In an era marked by rapid advances in automation and artificial intelligence, the big question facing businesses everywhere is how to stay competitive and grow profitably amid this increasing AI and epidemic.
Workers of the future will spend more time on activities that machines are less capable of, such as managing people, applying expertise, and communicating with others. They will spend less time on predictable physical activities and on collecting and processing data, where machines already exceed human performance. The skills and capabilities required will also shift, requiring more social and emotional skills and more advanced cognitive capabilities, such as logical reasoning and creativity.
Companies used to reconsider their basic strategies only rarely, when they were forced to do so by big shifts in their environments. Today any company that isn’t rethinking its direction at least every few years (as well as constantly adjusting to changing contexts) and then quickly making necessary operational changes is putting itself at risk.
If we successfully implement a new way of running organizations we can take advantage of the strategic challenges in a rapidly changing world by:
Organizations need to hire differently. Business leaders have to work with their respective HR and talent professionals to help identify how to properly build job descriptions, and the corresponding requirements needed to fill the role.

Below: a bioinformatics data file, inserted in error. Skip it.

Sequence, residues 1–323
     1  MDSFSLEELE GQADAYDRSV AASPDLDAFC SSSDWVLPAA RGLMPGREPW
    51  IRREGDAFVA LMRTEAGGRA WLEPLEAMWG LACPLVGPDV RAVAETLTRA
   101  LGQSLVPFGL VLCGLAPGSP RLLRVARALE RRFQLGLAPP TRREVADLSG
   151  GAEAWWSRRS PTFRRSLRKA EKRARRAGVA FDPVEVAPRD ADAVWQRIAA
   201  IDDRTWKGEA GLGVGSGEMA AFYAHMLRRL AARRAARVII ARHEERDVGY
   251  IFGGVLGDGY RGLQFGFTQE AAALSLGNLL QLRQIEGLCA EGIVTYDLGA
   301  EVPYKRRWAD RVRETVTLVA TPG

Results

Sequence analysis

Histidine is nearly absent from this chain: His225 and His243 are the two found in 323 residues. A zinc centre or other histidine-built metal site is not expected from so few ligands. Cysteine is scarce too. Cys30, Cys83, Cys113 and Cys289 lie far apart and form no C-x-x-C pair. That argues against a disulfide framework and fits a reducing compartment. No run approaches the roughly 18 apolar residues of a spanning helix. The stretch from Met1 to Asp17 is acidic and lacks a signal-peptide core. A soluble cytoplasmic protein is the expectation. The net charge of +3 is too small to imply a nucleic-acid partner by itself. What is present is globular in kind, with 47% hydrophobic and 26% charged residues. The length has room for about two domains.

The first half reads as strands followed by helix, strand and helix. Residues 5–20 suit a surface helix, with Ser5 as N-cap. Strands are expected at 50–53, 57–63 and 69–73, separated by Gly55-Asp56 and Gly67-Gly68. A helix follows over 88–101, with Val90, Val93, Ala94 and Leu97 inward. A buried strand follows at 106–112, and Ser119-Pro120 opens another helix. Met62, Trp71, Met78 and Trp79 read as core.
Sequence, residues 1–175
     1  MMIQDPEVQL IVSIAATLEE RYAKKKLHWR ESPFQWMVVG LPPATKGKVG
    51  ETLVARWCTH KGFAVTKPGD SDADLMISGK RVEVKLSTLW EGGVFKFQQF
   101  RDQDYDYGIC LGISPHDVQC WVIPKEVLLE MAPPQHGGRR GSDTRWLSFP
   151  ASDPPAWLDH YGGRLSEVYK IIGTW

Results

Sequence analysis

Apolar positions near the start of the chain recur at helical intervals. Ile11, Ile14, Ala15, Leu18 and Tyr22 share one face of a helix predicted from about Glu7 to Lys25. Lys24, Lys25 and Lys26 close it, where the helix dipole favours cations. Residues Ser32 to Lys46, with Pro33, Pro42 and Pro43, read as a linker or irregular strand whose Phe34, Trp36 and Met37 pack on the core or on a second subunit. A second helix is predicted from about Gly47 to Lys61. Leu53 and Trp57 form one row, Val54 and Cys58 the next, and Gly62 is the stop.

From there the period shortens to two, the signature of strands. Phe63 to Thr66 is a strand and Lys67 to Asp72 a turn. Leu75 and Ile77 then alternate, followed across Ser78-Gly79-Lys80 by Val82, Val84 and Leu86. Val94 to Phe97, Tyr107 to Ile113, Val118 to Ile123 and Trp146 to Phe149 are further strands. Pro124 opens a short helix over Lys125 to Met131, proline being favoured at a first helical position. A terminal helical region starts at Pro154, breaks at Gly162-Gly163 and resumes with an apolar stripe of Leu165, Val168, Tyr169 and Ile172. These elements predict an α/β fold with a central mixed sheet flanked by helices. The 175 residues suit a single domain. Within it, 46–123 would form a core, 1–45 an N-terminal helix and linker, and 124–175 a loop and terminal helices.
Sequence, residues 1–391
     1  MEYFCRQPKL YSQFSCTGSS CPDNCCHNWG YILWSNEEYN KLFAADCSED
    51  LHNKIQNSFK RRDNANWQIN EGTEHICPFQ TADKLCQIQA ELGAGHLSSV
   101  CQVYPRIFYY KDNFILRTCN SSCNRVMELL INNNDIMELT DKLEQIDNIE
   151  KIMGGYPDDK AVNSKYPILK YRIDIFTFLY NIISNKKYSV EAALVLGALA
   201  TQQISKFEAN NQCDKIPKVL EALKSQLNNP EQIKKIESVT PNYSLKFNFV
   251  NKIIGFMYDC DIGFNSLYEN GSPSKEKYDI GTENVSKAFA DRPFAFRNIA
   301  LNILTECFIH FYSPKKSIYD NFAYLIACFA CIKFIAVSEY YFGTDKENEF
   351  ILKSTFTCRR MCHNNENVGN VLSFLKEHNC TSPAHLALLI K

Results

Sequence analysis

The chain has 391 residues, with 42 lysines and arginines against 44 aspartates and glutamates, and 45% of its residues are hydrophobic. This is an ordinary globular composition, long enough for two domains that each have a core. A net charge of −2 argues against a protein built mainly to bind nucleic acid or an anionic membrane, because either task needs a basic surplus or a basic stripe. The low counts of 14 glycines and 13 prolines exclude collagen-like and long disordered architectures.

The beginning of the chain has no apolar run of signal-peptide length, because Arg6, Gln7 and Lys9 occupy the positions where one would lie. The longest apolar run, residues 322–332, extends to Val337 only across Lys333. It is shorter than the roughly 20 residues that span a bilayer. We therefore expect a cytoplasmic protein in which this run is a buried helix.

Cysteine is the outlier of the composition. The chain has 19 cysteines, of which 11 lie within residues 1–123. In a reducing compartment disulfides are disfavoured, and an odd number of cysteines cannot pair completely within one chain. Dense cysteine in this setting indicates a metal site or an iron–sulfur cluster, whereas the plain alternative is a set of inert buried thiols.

Diversity is a major benefit for the organizations that understand the value it brings to a team. It’s proven that the most financially successful companies are ones that have diverse teams at all levels. This means diversity of thought, race, ethnicity, gender, sexual orientation, socio-economic status, age, physical abilities, religious beliefs, political beliefs, and other ideologies.
The vision of the future that these examples suggest is one in which organizational structure no longer focuses on boxes and lines. Instead, it centers on connectivity, on who works on what with whom. Future-ready organizations require models that are designed, nurtured, and grown around people and activities. Furthermore, advances in digital technology mean that bosses in the years ahead can become true coaches and enablers, not micromanagers. When companies have a strong identity informing their priorities and ways of working, responsibilities and clear decision rights can empower frontline staff to make decisions in real time.
The Future Is Already Here
Businesses will be on the front lines of the workplace as it changes. This will require them to both retool their business processes and reevaluate their talent strategies and workforce needs, carefully considering which individuals are needed, which can be redeployed to other jobs, and where new talent may be required. Many companies are finding it is in their self-interest as well as part of their societal responsibility to train and prepare workers for a new world of work.
Individuals, too, will need to be prepared for a rapidly evolving future of work. Acquiring new skills that are in demand and resetting intuition about the world of work will be critical for their own well-being. There will be demand for human labor, but workers everywhere will need to rethink traditional notions of where they work, how they work, and what talents and capabilities they bring to that work.